Outrage factor

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In public policy, outrage factor is a term that describes public opposition to a policy that is not based on the knowledge of the technical details.

The term "outrage factor" originates from Peter Sandman's 1993 book, Responding to Community Outrage: Strategies for Effective Risk Communication.[1][2]

"Outrage factors" are the emotional factors that influence perception of risk. The risks that are considered involuntary, industrial and unfair are often given more weight than factors that are thought of as voluntary, natural and fair.

Sandman gives the formula:[3]

Risk = Hazard + Outrage

Risk communications[edit]

While policy analysis by institutional stakeholders typically focuses on risk-benefit analysis and cost-benefit analysis, popular risk perception is not informed by the same concerns. The successful implementation of a policy relying on public support and cooperation must address the outrage factor when informing the public about the policy.

In an interview with New York Times journalist and Freakonomics author Stephen J. Dubner, Sandman emphasized "the most important truth in risk communication is the exceedingly low correlation between whether a risk is dangerous, and whether it’s upsetting."[3]

The relevance of public outrage has been acknowledged in discussions of various policy debates, including nuclear safety,[4] terrorism,[5] public health[6][7] and environmental management.[1][2]

As of February 2012, Responding to Community Outrage was online under a Creative Commons license, and may be freely accessed and downloaded on Sandman's website.

Around the year 2000, Sandman worked together with a small Australian risk consultancy called Qest Consulting to release 'OUTRAGE' software. It was meant to help organizations fearing stakeholder outrage to avoid getting into trouble. It is now available as freeware.[8]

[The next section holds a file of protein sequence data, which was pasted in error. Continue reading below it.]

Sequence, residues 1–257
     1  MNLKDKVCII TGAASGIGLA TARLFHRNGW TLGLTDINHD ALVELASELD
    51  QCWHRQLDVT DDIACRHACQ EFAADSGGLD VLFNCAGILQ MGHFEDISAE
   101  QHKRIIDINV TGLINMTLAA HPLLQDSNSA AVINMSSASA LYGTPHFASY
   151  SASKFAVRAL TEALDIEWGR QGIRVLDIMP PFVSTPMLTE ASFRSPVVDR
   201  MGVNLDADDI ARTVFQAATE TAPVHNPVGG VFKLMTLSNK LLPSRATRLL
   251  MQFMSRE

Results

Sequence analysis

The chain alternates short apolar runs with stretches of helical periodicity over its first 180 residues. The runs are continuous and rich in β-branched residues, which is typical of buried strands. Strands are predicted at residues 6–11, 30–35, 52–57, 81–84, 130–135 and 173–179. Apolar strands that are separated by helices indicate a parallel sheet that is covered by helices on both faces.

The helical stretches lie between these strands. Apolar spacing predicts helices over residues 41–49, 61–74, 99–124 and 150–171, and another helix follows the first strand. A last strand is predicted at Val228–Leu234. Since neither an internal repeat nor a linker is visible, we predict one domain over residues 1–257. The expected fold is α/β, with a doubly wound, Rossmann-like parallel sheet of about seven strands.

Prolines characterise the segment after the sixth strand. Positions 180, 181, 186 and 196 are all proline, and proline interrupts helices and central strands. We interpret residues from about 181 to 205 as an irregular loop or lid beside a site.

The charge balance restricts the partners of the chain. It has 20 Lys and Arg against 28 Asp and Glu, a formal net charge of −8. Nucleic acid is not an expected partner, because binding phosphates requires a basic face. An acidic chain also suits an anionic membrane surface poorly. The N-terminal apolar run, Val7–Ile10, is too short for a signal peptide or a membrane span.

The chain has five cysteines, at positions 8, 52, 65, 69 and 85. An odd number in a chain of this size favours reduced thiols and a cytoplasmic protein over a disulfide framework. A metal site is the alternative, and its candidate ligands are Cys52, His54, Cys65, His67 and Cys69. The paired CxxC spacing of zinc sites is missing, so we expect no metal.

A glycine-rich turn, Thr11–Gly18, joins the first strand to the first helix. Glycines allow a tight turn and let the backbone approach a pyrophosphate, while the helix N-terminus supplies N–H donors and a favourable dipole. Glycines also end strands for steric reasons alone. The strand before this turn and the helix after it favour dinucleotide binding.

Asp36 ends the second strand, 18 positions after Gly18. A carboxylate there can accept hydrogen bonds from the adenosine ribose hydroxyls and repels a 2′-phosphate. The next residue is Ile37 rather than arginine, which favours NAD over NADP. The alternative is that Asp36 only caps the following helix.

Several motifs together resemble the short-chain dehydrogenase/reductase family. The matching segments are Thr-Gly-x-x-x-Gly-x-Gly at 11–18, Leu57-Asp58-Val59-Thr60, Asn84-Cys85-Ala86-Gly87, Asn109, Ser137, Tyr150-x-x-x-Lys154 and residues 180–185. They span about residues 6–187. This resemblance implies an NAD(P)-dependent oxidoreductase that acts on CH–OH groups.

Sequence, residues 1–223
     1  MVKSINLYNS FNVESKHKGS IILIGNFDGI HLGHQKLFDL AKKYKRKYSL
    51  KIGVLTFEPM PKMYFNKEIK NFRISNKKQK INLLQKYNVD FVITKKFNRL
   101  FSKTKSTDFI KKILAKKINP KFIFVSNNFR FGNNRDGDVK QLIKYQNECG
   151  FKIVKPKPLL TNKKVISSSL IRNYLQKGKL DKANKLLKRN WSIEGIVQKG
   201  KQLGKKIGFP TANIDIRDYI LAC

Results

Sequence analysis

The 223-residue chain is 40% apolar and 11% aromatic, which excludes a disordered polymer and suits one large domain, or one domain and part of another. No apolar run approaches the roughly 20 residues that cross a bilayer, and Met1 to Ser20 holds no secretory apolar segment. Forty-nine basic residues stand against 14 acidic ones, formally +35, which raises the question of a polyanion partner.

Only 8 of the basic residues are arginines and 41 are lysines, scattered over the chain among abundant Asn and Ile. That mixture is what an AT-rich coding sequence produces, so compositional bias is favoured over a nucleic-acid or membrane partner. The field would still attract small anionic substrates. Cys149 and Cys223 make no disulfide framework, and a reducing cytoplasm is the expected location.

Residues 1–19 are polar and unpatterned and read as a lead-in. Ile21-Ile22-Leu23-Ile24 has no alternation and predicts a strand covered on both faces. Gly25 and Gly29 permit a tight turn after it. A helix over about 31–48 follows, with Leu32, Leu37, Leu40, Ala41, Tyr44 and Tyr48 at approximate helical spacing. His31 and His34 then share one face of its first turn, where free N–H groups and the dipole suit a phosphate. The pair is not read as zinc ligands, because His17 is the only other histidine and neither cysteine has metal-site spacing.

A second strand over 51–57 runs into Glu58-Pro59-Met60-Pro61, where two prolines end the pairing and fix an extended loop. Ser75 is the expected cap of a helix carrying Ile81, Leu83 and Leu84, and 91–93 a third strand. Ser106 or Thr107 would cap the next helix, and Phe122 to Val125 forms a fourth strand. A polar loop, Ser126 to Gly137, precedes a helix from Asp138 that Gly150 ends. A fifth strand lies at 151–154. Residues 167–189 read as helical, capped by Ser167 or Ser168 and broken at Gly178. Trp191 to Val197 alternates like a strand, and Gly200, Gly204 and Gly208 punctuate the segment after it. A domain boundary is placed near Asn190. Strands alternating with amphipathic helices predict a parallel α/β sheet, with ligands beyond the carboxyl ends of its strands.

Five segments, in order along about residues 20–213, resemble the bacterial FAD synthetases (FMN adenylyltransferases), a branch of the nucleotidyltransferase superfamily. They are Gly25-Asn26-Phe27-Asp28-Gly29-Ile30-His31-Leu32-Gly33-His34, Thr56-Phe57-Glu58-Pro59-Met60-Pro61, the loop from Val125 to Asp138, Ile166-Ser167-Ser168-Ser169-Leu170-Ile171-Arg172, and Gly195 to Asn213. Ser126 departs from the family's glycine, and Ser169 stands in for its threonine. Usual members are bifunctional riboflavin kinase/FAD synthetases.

1. ^ a b Nebel, Bernard J.; Richard T. Wright (1993). Environmental science: the way the world works (4th ed.). Prentice Hall PTR. pp. 392–3. ISBN 0-13-285446-5. 
  2. ^ a b Hird, John A. (1994). Superfund: the political economy of environmental risk. JHU Press. p. 70. ISBN 0-8018-4807-5. 
  3. ^ a b Stephen J. Dubner (2011-11-29). "Risk = Hazard + Outrage: A Conversation with Risk Consultant Peter Sandman". 
  4. ^ Williams, David R. (1998). What is safe?: the risks of living in a nuclear age. Royal Society of Chemistry. p. 39. ISBN 0-85404-569-4. 
  5. ^ Kayyem, Juliette; Robyn L. Pangi (2003). First to arrive: state and local responses to terrorism. BCSIA studies in international security. MIT Press. p. 68. ISBN 0-262-61195-3. 
  6. ^ Milloy, Steven J. (1995). Science without sense: the risky business of public health research. Cato Institute. p. 8. ISBN 1-882577-34-5. 
  7. ^ David, Pencheon; David Melzer; Charles Guest; Muir Gray (2006). Oxford handbook of public health practice. Oxford handbooks (2nd ed.). Oxford University Press. p. 221. ISBN 0-19-856655-7. 
  8. ^ "Peter Sandman: OUTRAGE Prediction and Management Software". www.psandman.com. Retrieved 2016-05-19. 

See also[edit]